FABULOUS. This book was nimble, elegant, wise and funny as hell. The author's childhood encompassed everything from the gruesome to the bizarre, but instead of taking a self-pitying tone (which she could have quite easily done ), she finds humor and love-- however misguided-- in the adults around her. In doing so, she conveys how she has grown up and learned to see the silly, wayward hippies who raised her with compassion. I admire her technique and the rich portraits she paints of guru-smitten s FABULOUS. This book was nimble, elegant, wise and funny as hell. The author's childhood encompassed everything from the gruesome to the bizarre, but instead of taking a self-pitying tone (which she could have quite easily done ), she finds humor and love-- however misguided-- in the adults around her. In doing so, she conveys how she has grown up and learned to see the silly, wayward hippies who raised her with compassion. I admire her technique and the rich portraits she paints of guru-smitten seekers--all worthy of an Ionesco play-- but mostly I just laughed out loud and kept turning the pages. Thank you, Rachel. Your book was a joy to read.

  9. 4 out of 5

    Alison

    In this memoir, All the Fishes Come Home to Roost Rachael Manija Brown, starts it off with a quote by -George Bernard Shaw- __ If you have skeletons in your closet, you may as well make them dance.__ and that is exactly what she has done. The author writes very descriptively, so wonderful to read.. It is sometimes quite funny, often a bit horrifying, but everything she describes and goes through, give us an amazingly interesting story. Rachael or Mani as she was called while there, had a pretty t In this memoir, All the Fishes Come Home to Roost Rachael Manija Brown, starts it off with a quote by -George Bernard Shaw- __ If you have skeletons in your closet, you may as well make them dance.__ and that is exactly what she has done. The author writes very descriptively, so wonderful to read.. It is sometimes quite funny, often a bit horrifying, but everything she describes and goes through, give us an amazingly interesting story. Rachael or Mani as she was called while there, had a pretty tough childhood. She was the product of free spirited __hippie__ Parents, the mother being the fanatic Baba follower,and quite a character, the father more or less along for the ride, with his own agenda. Mani was the only child at the Ashram and was surrounded by a ton of very crazy and eccentric people. Since the age of 5 or so she could read at an adult level so left on her own most of the time, she spent most of her time with her nose in a book absorbing anything she could get a hold of, and through her we learn a lot about the history of India and it Gods. She was put into the only private school in town a Catholic School called __Holy Wounds__ and there she and the other students encountered very sadistic teachers, who were really cruel. This is the story of the authors 5 years living in an Ashram in in India, (age 7-12) in the town of Ahmednagar run by devotees of Meher Baba, one of the most dynamic spiritual masters of the 20th century. Who had and has many devotees around the world, including Pete Townsend of __the who__, who wrote a Hymn to Baba - __O' Parvardigar__ O' Parvardigar is the common name of a prayer composed by Meher Baba, sometimes called the Master's Prayer or the Universal Prayer. The title, __All the fishes come home to roost__ came from one of the followers miss quoting a saying which should have been about chickens, and to her meaning, that the consequences of everything come home. The truth is known and spoken aloud. Thus the author vowed to one day write her story, and her truth. This book is said to bear comparisons to __Don't let's go to the dogs tonight__ and __Running with scissors__ I own both of those but have not read them yet. Well worth reading.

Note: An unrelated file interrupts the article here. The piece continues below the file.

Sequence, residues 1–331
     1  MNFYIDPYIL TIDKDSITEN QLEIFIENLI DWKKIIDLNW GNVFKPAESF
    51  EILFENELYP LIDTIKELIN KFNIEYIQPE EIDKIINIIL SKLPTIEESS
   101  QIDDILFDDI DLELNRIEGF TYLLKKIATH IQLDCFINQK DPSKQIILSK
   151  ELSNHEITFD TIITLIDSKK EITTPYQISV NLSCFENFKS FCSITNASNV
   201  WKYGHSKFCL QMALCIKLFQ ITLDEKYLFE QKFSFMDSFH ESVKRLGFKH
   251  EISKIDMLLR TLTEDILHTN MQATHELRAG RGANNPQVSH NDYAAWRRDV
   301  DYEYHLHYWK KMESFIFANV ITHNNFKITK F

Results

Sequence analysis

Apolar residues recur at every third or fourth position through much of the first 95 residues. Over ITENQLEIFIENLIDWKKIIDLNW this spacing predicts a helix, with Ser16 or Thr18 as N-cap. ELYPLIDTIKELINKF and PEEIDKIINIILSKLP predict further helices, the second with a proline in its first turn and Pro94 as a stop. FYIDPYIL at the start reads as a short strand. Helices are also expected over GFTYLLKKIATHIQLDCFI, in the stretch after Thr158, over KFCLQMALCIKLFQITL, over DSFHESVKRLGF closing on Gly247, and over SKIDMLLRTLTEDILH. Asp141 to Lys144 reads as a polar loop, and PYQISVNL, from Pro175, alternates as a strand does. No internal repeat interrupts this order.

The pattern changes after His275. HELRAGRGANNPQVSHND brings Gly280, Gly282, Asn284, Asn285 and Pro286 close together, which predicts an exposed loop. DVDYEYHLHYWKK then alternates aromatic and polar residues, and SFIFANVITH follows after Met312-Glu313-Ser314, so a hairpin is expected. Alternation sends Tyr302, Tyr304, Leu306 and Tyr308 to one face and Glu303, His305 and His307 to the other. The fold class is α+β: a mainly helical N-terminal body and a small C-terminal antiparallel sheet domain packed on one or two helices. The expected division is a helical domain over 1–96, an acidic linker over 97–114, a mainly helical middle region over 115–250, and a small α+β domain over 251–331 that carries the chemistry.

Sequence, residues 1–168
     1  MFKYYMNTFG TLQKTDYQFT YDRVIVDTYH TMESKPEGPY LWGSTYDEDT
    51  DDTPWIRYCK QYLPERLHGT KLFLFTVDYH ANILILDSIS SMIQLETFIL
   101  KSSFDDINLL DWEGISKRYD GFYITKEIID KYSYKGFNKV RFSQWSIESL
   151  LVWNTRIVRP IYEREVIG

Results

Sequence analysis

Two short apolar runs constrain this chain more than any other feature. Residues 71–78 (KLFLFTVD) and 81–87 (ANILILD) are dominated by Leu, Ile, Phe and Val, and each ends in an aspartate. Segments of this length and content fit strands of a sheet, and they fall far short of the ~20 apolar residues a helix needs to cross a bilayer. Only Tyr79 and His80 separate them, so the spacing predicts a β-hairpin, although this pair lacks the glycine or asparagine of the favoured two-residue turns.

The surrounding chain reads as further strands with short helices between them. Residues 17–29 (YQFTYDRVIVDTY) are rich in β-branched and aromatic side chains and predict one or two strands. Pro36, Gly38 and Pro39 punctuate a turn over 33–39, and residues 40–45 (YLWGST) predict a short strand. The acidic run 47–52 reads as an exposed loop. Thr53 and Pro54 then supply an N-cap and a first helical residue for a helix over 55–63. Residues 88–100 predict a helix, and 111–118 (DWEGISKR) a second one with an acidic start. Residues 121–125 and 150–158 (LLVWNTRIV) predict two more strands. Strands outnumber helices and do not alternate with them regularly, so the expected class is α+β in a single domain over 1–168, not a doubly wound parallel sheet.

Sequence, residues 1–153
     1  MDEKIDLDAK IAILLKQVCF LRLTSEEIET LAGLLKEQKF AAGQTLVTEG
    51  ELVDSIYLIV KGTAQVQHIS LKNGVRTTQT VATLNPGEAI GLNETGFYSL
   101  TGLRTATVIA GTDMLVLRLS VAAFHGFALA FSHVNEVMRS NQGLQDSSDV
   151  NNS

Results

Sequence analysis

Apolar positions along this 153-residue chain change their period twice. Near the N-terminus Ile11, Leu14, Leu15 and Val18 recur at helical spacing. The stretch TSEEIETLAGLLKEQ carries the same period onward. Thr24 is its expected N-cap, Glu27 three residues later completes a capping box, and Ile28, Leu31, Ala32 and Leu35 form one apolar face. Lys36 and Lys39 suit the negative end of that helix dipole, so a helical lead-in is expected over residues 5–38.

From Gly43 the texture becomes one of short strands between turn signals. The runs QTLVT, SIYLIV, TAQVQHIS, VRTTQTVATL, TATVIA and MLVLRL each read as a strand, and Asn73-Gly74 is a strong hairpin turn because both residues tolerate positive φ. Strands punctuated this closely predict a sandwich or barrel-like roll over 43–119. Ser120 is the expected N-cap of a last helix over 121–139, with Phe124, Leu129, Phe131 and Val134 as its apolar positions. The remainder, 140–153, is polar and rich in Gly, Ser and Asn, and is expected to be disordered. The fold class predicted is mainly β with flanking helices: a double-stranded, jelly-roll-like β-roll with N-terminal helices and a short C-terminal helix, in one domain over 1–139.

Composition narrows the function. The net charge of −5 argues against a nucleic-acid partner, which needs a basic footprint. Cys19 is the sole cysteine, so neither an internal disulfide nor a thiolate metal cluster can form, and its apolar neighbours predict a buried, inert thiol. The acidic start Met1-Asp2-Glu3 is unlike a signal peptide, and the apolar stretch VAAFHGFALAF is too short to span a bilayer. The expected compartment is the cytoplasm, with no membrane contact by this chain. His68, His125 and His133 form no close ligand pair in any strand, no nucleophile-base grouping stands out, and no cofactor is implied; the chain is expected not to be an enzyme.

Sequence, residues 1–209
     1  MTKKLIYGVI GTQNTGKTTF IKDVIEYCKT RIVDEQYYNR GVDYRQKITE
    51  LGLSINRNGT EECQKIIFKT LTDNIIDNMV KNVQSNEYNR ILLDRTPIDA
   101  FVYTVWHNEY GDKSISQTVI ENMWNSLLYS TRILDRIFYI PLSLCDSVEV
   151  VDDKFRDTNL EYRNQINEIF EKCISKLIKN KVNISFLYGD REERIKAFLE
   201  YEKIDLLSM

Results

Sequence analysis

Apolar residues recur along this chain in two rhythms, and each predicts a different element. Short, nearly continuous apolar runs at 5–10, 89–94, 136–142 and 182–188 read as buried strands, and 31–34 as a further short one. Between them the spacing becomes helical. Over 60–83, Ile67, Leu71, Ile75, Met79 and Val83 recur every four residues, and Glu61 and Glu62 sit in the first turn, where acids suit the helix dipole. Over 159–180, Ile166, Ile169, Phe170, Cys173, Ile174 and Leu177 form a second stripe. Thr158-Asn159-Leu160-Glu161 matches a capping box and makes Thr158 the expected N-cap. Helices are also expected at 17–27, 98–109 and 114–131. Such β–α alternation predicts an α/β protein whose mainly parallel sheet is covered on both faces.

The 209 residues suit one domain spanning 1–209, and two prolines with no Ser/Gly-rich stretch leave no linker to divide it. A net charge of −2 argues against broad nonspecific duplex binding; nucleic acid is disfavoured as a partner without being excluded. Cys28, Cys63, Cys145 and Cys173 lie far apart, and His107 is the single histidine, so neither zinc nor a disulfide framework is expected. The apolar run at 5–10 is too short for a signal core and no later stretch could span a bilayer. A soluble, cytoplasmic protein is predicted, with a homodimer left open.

10. 5 out of 5

    Linda

    Rachel Brown, known as Mani, has written an irreverent, funny, and sad memoir of her growing up India where her mother is a disciple of Meher Baba. Baba claimed he was the reincarnation of Zoroaster, Rama, Krishna, Buddha, Jesus and Mohammed; he believed that all human experience reflects God’s plan, and coined the phrase, “Don’t worry, be happy.” The family left California and went to India when Mani was seven. Her father never explained his reasons for going until years later when he said that Rachel Brown, known as Mani, has written an irreverent, funny, and sad memoir of her growing up India where her mother is a disciple of Meher Baba. Baba claimed he was the reincarnation of Zoroaster, Rama, Krishna, Buddha, Jesus and Mohammed; he believed that all human experience reflects God’s plan, and coined the phrase, “Don’t worry, be happy.” The family left California and went to India when Mani was seven. Her father never explained his reasons for going until years later when he said that he went along to keep the family together. Mani was lonely; the only child in the ashram where they lived, and taunted by her fellow students at the Holy Wounds of Jesus Christ the Savior School because she was white, and different. The nuns at the school were strict and punishments ranged from being beaten with a stick to being made to stand in the sun for long periods of time. Mani’s father ultimately left his wife in India and returned to America where Mani, now called Rachel, lived with him in her teen years. She is now a well-adjusted adult who lives in California and writes for TV. No child should have had to endure what she went through, but she recounts events as seen through the eyes of a child, seeming to say, “Am I the only sane person here?”